Can clear and concise communication habits, seasoned with a dash of emotional intelligence, save research professionals from themselves in situations where miscommunication may lead to regrettable results? Catherine F.B. Barnes, MS, CCRP, a personnel development and training specialist at University of North Carolina at Chapel Hill’s School of Medicine, thinks so.
Speaking at ACRP 2022 in Orlando on Sunday afternoon (April 24), Barnes, a former clinical research coordinator, noted, “Our ways of communicating are constantly changing, and that means we have to constantly keep up. I can almost guarantee you that a lot of [study] protocol deviations are due to miscommunication.”
On top of sharing best practices for communicating via e-mail and video conferences for those who manage heavy research workloads, Barnes urged members in her audience to pay attention to their emotional intelligence levels and to never go into a conversation with a negative purpose in mind.
“Everything you say should be because you have your study, group, or initiative’s best interest in mind,” Barnes recommended. This means considering whether what you are about to say is relationship building, explaining a task, or working toward a deliverable—and if it strikes out on those counts, then it is likely best not said at all.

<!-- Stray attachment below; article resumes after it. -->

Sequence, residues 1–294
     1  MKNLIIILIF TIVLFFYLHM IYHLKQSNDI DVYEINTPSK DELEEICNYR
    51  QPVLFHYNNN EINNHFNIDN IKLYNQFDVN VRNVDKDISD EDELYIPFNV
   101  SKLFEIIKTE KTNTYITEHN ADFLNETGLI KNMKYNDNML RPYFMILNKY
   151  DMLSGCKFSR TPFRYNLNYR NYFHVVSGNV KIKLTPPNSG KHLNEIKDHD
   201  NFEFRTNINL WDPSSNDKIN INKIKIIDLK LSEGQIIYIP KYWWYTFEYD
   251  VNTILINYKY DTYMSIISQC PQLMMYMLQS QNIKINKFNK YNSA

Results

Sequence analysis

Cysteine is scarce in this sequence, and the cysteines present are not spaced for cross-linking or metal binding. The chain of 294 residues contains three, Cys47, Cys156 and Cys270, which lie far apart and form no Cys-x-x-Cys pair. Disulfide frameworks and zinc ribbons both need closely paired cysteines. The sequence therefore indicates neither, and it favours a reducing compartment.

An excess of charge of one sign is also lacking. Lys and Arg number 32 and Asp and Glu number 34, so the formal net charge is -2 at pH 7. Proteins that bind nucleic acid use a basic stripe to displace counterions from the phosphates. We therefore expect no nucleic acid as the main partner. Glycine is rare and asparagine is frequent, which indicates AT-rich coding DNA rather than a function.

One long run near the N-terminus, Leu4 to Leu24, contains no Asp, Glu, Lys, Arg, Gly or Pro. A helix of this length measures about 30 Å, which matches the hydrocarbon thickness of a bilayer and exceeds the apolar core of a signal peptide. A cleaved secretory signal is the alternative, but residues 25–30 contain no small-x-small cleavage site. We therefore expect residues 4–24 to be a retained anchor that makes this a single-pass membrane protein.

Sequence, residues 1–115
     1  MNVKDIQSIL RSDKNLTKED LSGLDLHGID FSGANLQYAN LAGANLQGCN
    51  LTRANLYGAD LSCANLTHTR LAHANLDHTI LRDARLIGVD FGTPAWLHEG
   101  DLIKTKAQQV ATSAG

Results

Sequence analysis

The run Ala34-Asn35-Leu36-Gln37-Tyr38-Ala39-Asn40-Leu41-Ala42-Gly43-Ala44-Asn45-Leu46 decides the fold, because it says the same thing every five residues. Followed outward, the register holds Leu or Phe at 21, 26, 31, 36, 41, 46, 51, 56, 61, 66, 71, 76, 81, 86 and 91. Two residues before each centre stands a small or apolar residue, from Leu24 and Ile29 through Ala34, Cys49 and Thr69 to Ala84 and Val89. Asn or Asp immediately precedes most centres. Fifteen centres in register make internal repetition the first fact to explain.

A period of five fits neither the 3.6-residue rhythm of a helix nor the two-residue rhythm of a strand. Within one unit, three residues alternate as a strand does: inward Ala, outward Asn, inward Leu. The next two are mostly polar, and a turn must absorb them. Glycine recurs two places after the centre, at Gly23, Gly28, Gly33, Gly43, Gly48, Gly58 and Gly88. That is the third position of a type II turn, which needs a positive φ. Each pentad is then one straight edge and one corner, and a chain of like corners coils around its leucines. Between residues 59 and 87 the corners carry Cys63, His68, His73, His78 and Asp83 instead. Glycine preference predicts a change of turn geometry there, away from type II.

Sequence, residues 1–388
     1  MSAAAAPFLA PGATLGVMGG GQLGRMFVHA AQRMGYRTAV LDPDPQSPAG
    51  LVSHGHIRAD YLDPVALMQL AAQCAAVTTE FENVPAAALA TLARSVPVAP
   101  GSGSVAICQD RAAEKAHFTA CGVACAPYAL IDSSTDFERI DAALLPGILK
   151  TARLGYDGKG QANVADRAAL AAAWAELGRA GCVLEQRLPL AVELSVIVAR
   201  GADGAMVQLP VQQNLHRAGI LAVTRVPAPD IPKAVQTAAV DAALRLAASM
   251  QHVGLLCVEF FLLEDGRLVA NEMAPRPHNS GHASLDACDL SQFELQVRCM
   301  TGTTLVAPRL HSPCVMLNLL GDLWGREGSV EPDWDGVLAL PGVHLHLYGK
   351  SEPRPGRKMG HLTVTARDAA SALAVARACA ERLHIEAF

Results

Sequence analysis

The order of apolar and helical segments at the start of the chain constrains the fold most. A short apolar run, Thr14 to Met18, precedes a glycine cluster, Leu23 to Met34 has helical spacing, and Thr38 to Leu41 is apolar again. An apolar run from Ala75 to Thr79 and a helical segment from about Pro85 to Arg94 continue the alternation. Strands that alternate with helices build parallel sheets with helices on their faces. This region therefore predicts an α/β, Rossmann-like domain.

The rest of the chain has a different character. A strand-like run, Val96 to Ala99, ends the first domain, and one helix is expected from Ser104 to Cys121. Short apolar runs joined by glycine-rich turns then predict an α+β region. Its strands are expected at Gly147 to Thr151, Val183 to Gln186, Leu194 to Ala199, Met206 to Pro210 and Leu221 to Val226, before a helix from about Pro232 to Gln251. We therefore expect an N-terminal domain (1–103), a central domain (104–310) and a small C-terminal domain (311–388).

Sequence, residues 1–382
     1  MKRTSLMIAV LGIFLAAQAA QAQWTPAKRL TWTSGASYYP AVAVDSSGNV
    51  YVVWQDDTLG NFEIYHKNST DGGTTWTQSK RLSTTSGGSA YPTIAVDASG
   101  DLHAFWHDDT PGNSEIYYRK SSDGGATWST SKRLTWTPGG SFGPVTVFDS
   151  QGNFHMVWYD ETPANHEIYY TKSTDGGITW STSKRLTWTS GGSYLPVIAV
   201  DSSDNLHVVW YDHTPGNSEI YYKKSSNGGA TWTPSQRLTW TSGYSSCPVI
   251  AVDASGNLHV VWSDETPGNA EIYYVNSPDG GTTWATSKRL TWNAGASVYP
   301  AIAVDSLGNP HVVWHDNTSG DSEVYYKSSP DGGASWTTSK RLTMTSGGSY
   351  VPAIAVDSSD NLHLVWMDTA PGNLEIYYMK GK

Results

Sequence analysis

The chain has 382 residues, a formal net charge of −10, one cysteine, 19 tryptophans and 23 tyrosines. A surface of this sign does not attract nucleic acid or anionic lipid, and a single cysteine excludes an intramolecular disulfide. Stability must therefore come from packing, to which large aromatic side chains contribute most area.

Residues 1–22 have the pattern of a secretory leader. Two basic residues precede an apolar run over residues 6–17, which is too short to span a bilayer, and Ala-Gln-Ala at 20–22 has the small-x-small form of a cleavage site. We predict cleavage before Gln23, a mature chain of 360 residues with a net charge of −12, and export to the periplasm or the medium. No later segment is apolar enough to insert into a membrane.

Barnes also offered these tips for her listeners:
- Be aware of both your tone and pacing when speaking.
- If verbal communication is not face-to-face, pretend the other person is with you.
- If verbal communication is face-to-face, pay attention to the other person’s body language.
- Always conclude conversations by reviewing the expected deliverables.
- Follow up on important verbal conversations with an e-mail communication to confirm the details.
- Consider taking notes when appropriate, rather than trying to remember everything precisely.
“We’re all going to mess up [our communications sometime], and that’s OK,” Barnes assured her audience. “What matters is what you do after that,” she noted, such as not improvising an answer to someone’s question that you aren’t confident in or setting a deadline for completing a task that you probably can’t meet.
Author: Gary Cramer